The circumstances in which the Education Reform developed suggest that it is necessary to carry out important changes besides monitoring systematic student and teacher evaluations. First of all, in order to implement policies that improve the quality of education, it is imperative to discuss the relevance of the educational model. In this respect, the policy instrument presented by President Peña Nieto disregards completely the current teaching model. Beyond a brief mention on improving the quality of education programs, none of the six objectives of the reform appear to alter the pedagogical model. Other relevant matters include the lack of governance, the absence of a coherent funding strategy, and systematic monitoring and cost effectiveness of the education system.

Thus, in order to attempt to truly reform the Mexican education system, the following actions should be considered: first and most importantly, it is essential to deliver a curriculum that is no longer based on pure memorization but instead emphasizes critical thinking and prepares young people to successfully address the complex world in which they live. It should be noted that other countries with strong teacher’s unions like Singapore and Finland have excellent educational performance because of their curricula, high teacher quality standards at entry level, and not just measuring teacher effectiveness. In concert, professionalization of the education system through teacher training programs and a merit-based organizational scheme is key for improving the quality of education; school leaders and teachers are to place student learning at the center of their efforts to improve the education system. Finally, governance within both the federal system and local state authorities needs to be prioritized. It is necessary to restructure the education budget so that there is more money going into infrastructure. In addition, transparency and accountability in education funding are both required to identify which sectors have greater influence over quality improvement and to provide a more equitable distribution of learning opportunities.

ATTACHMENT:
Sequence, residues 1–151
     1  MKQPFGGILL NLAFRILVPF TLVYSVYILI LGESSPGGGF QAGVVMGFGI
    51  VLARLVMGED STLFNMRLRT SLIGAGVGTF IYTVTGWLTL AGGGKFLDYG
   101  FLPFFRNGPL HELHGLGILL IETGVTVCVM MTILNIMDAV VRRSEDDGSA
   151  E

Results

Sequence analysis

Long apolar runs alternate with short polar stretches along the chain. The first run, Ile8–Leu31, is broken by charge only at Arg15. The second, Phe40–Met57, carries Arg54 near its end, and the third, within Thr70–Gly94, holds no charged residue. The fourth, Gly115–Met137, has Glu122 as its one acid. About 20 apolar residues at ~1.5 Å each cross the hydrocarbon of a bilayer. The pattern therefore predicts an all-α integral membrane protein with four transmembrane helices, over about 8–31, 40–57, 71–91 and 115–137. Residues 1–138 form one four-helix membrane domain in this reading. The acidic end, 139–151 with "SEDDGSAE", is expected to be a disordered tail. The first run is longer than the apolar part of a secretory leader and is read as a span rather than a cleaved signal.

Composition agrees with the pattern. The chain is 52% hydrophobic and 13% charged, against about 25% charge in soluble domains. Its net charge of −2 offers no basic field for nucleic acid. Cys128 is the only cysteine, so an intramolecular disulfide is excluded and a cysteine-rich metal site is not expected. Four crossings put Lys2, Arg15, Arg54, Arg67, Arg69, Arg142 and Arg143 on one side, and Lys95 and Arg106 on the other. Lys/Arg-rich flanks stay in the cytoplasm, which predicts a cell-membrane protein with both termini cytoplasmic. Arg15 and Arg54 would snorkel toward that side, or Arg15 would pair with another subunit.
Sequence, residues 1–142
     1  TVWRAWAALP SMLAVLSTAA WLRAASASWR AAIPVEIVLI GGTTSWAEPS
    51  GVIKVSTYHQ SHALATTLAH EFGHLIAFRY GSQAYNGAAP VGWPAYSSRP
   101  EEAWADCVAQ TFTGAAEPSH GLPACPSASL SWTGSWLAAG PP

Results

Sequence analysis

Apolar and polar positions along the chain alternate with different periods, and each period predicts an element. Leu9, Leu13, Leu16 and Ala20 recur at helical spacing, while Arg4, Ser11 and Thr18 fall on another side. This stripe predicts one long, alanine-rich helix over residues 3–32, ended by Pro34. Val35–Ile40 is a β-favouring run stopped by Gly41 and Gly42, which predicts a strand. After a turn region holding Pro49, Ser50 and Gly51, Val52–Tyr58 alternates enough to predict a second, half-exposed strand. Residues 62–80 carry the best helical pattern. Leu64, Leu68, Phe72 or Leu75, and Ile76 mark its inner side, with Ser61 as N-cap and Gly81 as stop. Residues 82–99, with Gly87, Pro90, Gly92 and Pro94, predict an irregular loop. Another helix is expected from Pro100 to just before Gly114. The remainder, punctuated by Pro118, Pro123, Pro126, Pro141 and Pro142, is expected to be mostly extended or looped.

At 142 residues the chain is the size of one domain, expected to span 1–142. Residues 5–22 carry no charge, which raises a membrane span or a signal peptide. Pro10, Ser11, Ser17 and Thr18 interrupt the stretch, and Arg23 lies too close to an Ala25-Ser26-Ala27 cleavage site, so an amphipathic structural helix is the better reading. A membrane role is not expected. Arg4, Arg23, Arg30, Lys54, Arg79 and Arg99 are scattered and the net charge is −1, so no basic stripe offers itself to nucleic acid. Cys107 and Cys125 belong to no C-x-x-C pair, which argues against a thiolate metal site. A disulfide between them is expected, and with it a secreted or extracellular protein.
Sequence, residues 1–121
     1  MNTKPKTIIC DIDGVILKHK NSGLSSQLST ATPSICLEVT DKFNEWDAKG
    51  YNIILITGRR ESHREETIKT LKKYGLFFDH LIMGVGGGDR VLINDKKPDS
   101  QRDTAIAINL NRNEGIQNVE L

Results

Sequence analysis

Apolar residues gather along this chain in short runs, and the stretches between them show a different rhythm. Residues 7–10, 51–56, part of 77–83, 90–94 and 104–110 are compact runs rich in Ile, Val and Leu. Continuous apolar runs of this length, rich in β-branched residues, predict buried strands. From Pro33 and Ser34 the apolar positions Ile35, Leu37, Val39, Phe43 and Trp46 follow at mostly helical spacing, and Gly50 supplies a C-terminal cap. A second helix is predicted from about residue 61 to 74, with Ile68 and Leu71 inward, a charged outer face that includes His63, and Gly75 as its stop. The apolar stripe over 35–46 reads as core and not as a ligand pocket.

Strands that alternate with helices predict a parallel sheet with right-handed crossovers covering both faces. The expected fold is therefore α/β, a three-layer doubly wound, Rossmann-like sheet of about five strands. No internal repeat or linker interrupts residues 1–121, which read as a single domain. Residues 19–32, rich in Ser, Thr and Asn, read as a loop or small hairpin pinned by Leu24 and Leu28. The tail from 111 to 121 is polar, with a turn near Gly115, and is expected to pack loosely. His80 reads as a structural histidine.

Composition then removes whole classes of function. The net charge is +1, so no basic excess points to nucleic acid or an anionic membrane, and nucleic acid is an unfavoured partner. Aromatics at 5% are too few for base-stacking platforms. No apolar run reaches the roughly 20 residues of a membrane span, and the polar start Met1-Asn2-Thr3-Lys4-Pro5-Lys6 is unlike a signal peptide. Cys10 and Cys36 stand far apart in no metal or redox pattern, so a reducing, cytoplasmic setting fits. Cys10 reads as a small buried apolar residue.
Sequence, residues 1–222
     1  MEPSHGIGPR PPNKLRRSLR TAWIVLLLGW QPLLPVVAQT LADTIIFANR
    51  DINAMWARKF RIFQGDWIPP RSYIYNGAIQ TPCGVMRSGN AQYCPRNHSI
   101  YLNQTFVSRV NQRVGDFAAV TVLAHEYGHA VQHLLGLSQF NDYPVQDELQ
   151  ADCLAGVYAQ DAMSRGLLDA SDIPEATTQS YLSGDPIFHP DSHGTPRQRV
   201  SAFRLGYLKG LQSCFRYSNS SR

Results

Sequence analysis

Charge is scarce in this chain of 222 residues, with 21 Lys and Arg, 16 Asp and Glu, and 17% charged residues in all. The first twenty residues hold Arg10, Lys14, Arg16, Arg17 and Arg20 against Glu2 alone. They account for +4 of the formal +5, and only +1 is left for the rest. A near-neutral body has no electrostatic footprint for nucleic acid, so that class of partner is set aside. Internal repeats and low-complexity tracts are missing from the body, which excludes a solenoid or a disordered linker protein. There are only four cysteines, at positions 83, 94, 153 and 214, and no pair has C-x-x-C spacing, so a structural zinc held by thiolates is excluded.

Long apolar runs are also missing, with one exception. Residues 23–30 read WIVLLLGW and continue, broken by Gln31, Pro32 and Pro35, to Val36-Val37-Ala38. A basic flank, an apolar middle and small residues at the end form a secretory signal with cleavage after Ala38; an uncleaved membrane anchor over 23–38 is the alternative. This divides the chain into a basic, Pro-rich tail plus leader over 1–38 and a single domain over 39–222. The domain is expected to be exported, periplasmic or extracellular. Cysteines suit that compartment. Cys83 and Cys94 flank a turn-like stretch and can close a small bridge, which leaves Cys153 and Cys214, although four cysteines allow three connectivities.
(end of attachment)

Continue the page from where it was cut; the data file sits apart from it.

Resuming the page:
The policies described above involve further legal modifications with higher political costs that must be taken into consideration. Nonetheless, the importance of attaining better quality education is heightened as Mexico strives to move past the Millennium goals.



Kattan, Raja Bentaouet and Székely Miguel. “Dropout in Upper Secondary Education in Mexico.” World Bank Group, Education Global Practice Group, November, 2014

Zapata, Alexandra. “Mapa Del Magisterio De Educación Básica En México.” IMCO. August 1, 2014.

Sánchez, Virgilio. “Repone CNTE Clases, Aunque Pierde 2 Años.” Reforma, November 17, 2015

Webber, Jude. “Mexico Teachers Demonstrate over Reform.” The Financial Times, October 12, 2015, Politics & Policy